I've been using the same gear for several seasons which makes my product highlight blogs seem redundant at times. I don’t need to reiterate the obvious items that you would never go without. I'd rather focus on a few items that were first-timers for me that may be overlooked or deemed unnecessary and therefore left behind. The following list made a huge difference and I couldn’t imagine not having every one with me. They're kind of like little nuggets of gold for your backcountry hunt.
Please note that we set up a base camp that we came back to each night. We moved this camp one time in the middle of the hunt to eliminate the 1 hour horseback ride we took several mornings in a row to get to the elk. With that being said, for those that like to keep camp on their back, some of these items shouldn’t be included for the sake of overall weight. If you’re going to have a base camp and pack in with horses, the little added weight will make a world of difference!
Luci Lights: inflatable, solar charged lights with 3 levels of brightness and a wonderful battery life. Lightweight, compact, & can be hung by either end. We used two in camp, but I’ll bring a third in the future!
Coin Towels: the size of a coin and more durable than a paper towel. Simply add a tiny bit of water and watch it grow, then pull apart and unroll. I used these to clean dishes, and as a replacement for toilet paper and tissues. They’re such a multi-use item and very affordable!
Soft-Lips Vaseline: my lips & knuckles were dry and cracking so I was thankful for this item, but it doubles as a fire starter too! Add some to the previously mentioned coin towels to get your fire started easily. Furthermore, don’t waste a new coin - dry out the used ones from washing dishes then burn them.
Hatchet: when my brother in law insisted that I take this, I had my doubts, but we used it for literally everything. Hammering tent stakes, breaking down firewood, digging a trench around your tent, making a ground blind, clearing the “floor” of your tent of any stumps, cow patties, etc, clearing trails for your horses, and if you’re fortunate enough to put an elk down, you can use it to break through the pelvic bone.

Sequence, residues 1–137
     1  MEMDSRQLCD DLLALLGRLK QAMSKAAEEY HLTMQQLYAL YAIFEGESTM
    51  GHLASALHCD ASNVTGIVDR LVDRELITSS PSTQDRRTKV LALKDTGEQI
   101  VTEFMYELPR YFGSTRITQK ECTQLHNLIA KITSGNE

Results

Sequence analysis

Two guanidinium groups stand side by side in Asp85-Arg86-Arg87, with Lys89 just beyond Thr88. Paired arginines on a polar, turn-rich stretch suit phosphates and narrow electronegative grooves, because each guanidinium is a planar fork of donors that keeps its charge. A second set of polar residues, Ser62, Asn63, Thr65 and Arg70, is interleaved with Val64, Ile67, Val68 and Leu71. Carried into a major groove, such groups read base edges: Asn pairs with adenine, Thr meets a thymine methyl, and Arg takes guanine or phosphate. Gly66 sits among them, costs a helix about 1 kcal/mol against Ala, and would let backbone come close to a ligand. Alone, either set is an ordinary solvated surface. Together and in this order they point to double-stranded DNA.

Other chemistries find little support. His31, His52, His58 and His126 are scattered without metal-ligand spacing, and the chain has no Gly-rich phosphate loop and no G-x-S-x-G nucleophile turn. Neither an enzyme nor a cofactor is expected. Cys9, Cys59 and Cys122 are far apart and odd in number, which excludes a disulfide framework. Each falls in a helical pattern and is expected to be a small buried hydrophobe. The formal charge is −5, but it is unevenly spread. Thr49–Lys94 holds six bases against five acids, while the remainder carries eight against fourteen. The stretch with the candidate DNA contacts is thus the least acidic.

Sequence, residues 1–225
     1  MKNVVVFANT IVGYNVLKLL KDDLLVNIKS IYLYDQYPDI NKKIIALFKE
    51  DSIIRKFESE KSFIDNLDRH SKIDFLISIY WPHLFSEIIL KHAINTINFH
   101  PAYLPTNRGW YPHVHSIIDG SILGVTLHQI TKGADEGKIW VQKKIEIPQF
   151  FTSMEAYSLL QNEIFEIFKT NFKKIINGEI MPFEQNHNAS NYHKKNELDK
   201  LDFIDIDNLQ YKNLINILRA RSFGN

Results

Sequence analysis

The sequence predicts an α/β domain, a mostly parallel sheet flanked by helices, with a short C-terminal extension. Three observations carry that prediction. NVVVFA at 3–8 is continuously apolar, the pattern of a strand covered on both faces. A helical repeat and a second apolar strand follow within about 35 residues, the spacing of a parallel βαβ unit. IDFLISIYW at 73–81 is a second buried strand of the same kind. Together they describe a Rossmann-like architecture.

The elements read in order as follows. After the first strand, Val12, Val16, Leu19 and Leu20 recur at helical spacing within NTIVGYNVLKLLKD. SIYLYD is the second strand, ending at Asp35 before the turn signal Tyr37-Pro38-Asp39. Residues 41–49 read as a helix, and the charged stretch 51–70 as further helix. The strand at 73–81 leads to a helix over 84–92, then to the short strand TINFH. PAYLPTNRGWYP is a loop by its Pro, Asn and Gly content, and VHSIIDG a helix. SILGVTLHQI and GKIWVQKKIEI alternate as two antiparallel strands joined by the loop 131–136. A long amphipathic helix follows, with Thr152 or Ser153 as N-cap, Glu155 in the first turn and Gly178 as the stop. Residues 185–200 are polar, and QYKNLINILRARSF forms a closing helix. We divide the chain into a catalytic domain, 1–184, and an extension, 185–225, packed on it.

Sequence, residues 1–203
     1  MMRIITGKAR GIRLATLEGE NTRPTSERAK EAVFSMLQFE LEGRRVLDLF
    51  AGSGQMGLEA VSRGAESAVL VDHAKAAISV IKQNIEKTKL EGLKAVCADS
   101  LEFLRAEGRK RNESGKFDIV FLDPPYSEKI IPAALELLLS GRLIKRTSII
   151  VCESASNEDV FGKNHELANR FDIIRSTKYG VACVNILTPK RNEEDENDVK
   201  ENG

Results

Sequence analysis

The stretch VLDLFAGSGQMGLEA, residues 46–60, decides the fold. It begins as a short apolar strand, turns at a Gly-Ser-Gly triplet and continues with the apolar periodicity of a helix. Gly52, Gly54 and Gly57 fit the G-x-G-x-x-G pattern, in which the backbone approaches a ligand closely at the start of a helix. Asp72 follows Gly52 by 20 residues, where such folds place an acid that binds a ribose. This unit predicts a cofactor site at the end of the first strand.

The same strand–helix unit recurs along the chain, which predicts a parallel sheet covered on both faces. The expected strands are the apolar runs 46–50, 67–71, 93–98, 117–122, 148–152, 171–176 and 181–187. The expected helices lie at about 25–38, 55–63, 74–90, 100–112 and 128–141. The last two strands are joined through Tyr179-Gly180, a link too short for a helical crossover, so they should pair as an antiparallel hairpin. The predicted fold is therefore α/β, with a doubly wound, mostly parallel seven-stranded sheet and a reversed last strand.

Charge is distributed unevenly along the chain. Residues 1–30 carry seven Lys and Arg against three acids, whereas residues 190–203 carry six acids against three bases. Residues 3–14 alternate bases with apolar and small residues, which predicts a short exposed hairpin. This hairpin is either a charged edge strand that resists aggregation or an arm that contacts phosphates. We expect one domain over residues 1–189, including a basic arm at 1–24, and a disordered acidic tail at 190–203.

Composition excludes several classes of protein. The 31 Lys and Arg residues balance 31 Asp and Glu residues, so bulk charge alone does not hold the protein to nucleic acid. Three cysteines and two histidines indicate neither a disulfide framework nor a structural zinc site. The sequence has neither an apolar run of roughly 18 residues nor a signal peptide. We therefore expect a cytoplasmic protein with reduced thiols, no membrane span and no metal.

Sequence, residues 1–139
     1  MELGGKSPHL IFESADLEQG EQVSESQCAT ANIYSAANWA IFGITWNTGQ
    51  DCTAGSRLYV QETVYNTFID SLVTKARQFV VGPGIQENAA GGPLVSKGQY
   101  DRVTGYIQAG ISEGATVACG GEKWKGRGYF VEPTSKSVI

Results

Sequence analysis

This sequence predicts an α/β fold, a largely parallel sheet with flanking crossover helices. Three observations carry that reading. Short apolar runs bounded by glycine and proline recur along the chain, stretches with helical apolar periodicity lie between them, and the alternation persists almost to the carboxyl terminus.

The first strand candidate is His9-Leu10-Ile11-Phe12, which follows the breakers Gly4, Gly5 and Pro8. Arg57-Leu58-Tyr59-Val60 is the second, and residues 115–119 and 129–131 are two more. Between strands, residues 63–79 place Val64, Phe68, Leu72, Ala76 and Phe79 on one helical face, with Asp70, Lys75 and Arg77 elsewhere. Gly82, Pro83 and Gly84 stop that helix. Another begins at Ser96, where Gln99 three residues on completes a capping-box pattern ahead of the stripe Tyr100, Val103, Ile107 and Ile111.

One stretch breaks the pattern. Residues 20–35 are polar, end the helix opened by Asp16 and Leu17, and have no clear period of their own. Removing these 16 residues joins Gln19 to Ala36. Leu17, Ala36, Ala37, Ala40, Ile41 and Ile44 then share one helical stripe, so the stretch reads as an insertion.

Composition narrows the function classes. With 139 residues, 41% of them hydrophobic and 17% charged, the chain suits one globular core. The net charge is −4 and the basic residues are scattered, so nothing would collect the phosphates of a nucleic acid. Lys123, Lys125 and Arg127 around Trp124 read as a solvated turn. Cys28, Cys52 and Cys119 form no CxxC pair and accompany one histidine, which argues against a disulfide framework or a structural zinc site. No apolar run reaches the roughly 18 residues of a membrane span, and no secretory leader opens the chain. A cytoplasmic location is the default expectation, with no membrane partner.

Goal Zero Solar Charger: we brought the Nomad 7 and the Nomad 7+ which each have their pros/cons, but if I had to pick one I’d recommend the 7+ for your next adventure - it seemed to charge quicker and it has 4 lights that indicate how much sun it’s getting in its current position. We were able to keep everything charged on these alone.
Platypus Water Filter: an awesome, efficient system that filters very quickly. Using a 2 liter filter, we kept our nalgenes & camelbacks full throughout our hunt. They offer different sizes depending on the consumer’s needs. I wish we would’ve had one additional big one to keep by our tent so we didn’t spend as much time filtering in smaller batches, but it certainly wasn’t a problem to have this size.
Sawyer Mini Water Filter: a great backup to put in your pack in case the camelback runs out and you’re further away from camp than you intended to be. It can be used in many ways, including the ability to attach it to your camelback as an in-line so you don’t have to filter the water going into the camelback in the first place.
Tarp: while this particular one is expensive, it’s multi-purpose and only weighs .5 lbs. Not all tarps are created equal. Many will stretch or the water will “sweat” through the material if you happen to touch the underside. This one does not do either. We created an A-frame for our gear & the horse saddles/blankets so that we weren’t crowding the tent. It can also be used as a floor or even to break down an animal. Tarps in general are a great tool, but do your research before purchasing one!
Cord: I cannot stress this one enough. We used the heck out of multiple thicknesses, from high lining horses to creating a pulley system for our food and trash (black bear preventive). We tied down gear on the horses and created the center line for the A-frame. Wayne even broke down some of the smallest chord he had to tie in his peep sight after it twisted on him. I’m no expert on brands, but Wayne has been training others for nearly 20 years in emergency rescue which heavily depends on quality. He recommends PMI. Again, while expensive, it’s incredibly dependable.
Bag liner: I’m not sure how something so light and thin can be such a game changer, but it’s definitely an overlooked item. Not only does it help to keep your sleeping bag clean, it can increase the degree rating significantly. Mine was for 25 degrees and I was so snug!